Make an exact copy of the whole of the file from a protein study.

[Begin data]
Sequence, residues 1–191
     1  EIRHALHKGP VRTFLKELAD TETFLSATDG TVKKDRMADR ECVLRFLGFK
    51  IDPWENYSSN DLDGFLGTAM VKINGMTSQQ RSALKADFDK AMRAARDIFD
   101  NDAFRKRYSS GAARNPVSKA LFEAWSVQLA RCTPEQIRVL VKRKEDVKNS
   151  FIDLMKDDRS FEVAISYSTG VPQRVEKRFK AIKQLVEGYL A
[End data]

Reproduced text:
Sequence, residues 1–191
     1  EIRHALHKGP VRTFLKELAD TETFLSATDG TVKKDRMADR ECVLRFLGFK
    51  IDPWENYSSN DLDGFLGTAM VKINGMTSQQ RSALKADFDK AMRAARDIFD
   101  NDAFRKRYSS GAARNPVSKA LFEAWSVQLA RCTPEQIRVL VKRKEDVKNS
   151  FIDLMKDDRS FEVAISYSTG VPQRVEKRFK AIKQLVEGYL A